Enjoy Your Rabbit: Amy Sedaris on Her Bunny and Her New Movie





Comedian, craft-master, advice columnist, and collector of fake meat products, Amy Sedaris lives in the West Village with her rabbit Dusty, the namesake of her catering business Dusty Food Cupcakes. She is the author of two homemaking books, I Like You: Hospitality Under The Influence and Simple Times: Crafts for Poor People; and as an actress, she continues to delight audiences with hosts of offbeat and gross-out characters. She currently plays a kooky counselor in The Best and the Brightest, an oddball comedic farce also starring Neil Patrick Harris and John Hodgman, which opens tomorrow in New York and Los Angeles.

DEENAH VOLLMER: How did you get involved with The Best and the Brightest?

AMY SEDARIS: Well, the director came to me and talked to me about the part, and we sat down and had a conversation and he offered it to me.

VOLLMER: What made you want to play Sue Lemon?

SEDARIS: It just sounded like a fun character. She was a practical character, and no-nonsense, and I just thought it seemed like a part I’d be able to do.

VOLLMER: I heard that Neil Patrick Harris signed on to the film only after he heard that you were going to be in it.

SEDARIS: That’s funny, I signed after I heard he was on it. [laughs] I was like, really? Neil Patrick Harris is in it? He’s amazing, Neil, he can do anything, he can even do a back flip.

VOLLMER: Was it fun to work with him?

SEDARIS: Yeah, a lot of fun. He’s very smart, very funny, really easygoing. I just adored him. And he taught me a lot of magic tricks, and he bought me some magic supplies.

VOLLMER: Oh yeah? What kind of magic tricks?

SEDARIS: Just like, stuff to do with flash paper, things like that. Easy things.

VOLLMER: How is your crafting going?

SEDARIS: I haven’t been crafting much, since the book came out, you know, I kind of got away from it for awhile. I’m not really doing anything crafts right now.

VOLLMER: Well, I love your book Simple Times: Crafts for Poor People. I thought it was hilarious and had a lot of good tips.

SEDARIS: Thank you.

VOLLMER: Have you ever crafted with real poor people?

SEDARIS: I’ve been around real poor people, but I’ve never had them in my craft circle before.

VOLLMER: What’s your next book going to be about?

SEDARIS: I don’t know if I’ll do one. My goal was to do the first one with cooking, and then I had that little craft section in the back, and then I wanted to do more of that, so I did a craft book. But I don’t know if I’ll do another one or not. I haven’t decided.

VOLLMER: Did turning 50 change anything for you?

SEDARIS: It’s okay; I’m fine with it. Nothing really changed for me. You know, I didn’t panic.

VOLLMER: What about cooking, have you been doing that recently?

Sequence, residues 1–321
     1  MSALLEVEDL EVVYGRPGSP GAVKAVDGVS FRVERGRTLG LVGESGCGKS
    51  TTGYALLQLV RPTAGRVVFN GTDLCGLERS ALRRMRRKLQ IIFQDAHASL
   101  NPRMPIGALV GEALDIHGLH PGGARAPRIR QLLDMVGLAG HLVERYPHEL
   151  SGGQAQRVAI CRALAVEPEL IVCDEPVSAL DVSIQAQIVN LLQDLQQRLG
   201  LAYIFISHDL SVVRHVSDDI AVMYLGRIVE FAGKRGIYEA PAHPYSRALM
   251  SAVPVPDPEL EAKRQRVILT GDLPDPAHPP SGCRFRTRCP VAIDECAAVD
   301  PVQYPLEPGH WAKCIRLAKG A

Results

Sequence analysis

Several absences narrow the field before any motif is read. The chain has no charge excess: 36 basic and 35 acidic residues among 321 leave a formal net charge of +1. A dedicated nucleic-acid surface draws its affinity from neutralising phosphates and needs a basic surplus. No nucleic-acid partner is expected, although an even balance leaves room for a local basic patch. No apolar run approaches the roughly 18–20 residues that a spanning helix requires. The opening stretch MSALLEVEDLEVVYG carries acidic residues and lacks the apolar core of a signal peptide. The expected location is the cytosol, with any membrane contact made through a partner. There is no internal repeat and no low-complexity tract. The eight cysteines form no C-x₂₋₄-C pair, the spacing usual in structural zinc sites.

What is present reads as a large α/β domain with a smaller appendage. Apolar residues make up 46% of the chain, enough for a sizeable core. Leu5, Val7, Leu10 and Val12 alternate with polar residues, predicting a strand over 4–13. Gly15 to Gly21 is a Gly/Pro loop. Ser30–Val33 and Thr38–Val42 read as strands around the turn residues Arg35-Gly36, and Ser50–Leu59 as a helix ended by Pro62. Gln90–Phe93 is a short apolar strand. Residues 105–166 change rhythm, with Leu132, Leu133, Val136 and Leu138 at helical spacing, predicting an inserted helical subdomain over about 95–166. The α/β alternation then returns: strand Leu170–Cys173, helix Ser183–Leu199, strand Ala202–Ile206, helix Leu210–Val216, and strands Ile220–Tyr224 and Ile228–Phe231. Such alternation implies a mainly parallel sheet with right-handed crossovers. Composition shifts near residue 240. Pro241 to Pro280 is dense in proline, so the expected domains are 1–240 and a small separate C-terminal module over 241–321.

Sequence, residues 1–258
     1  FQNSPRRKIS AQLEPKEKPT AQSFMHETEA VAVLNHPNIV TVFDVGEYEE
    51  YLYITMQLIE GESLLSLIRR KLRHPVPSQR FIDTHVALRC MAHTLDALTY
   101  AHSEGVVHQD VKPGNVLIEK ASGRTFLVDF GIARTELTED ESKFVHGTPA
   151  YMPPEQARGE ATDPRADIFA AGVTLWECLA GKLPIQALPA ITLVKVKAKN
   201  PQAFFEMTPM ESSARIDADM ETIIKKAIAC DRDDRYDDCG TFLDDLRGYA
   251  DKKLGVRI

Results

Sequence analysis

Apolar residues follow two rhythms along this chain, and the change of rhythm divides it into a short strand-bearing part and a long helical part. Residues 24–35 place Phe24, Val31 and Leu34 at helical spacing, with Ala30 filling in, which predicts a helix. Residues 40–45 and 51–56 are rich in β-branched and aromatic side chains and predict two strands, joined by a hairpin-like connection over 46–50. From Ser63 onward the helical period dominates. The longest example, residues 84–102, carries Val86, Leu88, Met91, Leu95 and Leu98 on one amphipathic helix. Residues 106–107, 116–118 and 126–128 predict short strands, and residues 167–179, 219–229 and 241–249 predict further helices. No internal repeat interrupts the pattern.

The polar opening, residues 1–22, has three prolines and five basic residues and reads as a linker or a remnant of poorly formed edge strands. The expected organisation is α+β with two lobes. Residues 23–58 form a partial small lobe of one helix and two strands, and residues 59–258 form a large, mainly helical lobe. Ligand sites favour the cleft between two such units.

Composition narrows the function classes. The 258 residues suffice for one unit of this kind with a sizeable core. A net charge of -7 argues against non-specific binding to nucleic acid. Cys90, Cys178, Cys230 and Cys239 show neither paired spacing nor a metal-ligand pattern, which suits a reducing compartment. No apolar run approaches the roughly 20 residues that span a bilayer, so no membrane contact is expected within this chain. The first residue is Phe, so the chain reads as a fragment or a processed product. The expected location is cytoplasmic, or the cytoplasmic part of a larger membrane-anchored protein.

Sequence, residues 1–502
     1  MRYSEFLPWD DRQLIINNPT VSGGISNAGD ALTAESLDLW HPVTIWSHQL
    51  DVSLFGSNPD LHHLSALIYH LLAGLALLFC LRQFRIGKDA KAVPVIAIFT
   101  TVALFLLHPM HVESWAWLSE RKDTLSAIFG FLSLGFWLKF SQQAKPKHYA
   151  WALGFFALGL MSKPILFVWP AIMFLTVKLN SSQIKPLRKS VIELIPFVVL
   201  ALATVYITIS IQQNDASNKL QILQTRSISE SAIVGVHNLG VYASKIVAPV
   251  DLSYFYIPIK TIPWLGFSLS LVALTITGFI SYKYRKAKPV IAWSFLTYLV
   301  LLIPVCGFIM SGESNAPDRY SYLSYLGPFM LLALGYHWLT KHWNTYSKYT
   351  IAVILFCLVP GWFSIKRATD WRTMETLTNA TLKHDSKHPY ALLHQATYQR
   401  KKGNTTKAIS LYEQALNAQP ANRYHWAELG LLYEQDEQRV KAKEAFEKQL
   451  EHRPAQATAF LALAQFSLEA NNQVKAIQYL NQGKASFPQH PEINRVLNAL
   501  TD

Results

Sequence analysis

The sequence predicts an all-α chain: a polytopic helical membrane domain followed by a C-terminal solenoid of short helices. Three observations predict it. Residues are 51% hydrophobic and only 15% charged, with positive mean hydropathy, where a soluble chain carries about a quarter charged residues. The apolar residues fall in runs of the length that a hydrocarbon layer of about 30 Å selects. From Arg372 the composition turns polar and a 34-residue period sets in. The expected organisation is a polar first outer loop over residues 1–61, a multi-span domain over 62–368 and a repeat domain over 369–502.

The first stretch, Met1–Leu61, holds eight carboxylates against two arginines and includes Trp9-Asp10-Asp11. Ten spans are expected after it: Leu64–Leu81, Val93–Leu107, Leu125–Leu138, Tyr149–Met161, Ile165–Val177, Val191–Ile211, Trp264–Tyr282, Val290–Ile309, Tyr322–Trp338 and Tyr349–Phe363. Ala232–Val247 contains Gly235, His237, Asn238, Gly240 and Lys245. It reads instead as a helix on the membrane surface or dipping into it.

SEDARIS: It’s still a bit hot to put my oven on, but yeah some really light things. Nothing major. Have you been cooking a lot?

VOLLMER: Yeah, I made a wheat berry salad yesterday. It was good. Do you ever find any occasions to bust out your fat suit anymore?

SEDARIS: No. I still have them all and they’re all in my closet here, but I haven’t found an occasion to pull them out.

VOLLMER: Are you waiting for an occasion to arise?

SEDARIS: Yeah. I’m waiting for that occasion to be within arm’s reach.

VOLLMER: Where are you spending your time these days?

SEDARIS: In New York.

VOLLMER: Are you still living in the West Village?

SEDARIS: Yeah. I’m in the West Village.

VOLLMER: Do you still have your bunny, Dusty?

SEDARIS: I still do. I just saw her hoppin’ around in the living room.

VOLLMER: You let her run free, or hop free, around your apartment?

SEDARIS: Yeah. I do. She has my whole house.

VOLLMER: Does she ever get into trouble?

SEDARIS: Yeah, sometimes. I’ll hear a crash, or she goes crazy. She’ll dart up and down the room entertaining herself.

VOLLMER: [laughs] What makes her excited?

SEDARIS: I don’t know. They just get little bursts of energy, like during the twilight hours early in the morning, [she’ll] bust out a bunch of energy.

VOLLMER: Are those the hours that you’re active as well?

SEDARIS: Certainly not when the sun comes up, no.

VOLLMER: Do you take her walking around the neighborhood?

SEDARIS: No. That’s not good to do. The last thing you want to do is put a harness on a prey animal. I’ve seen people do it, but it’s not good. I mean, or on a leash—their bones are fragile, so it’s really stupid.

VOLLMER: Interesting. Does she ever chew on things in your house?

SEDARIS: Yeah, I try to keep wires away from her. She’ll chew on the bed sheets and cords. But that doesn’t bother me.

VOLLMER: So your house is rabbit-proofed?

SEDARIS: It is. Very rabbit-proofed.

VOLLMER: Good. Are you sad that the Kim’s Video closed in the West Village? I remember reading it was your favorite place.


VOLLMER: Do you remember the curly-haired guy, Chris Anderson, from Kim’s?

SEDARIS: I do. He has a rabbit.

VOLLMER: Yeah, Bernie.

SEDARIS: Yeah that’s right. How’s he doing? Do you know what he’s doing now?

VOLLMER: Yeah, after the video store closed he got a job handling shipping for beauty products.

SEDARIS: Good for him.

VOLLMER: How are your siblings doing?

SEDARIS: They’re fine. Everyone’s fine in the family.

VOLLMER: Good. How do your less successful siblings deal with the success of your successful siblings?

SEDARIS: I don’t know. Everyone gets along. I’ve never really heard anyone talk about it.

VOLLMER: What’s next for you?

SEDARIS: I have no plans right now, really. I’m just reading, and relaxing, and whatever comes my way, you know? I’ll decide if I’m going to do it or not. I don’t really have anything on the horizon.

VOLLMER: So you’re open.

SEDARIS: I’m completely open.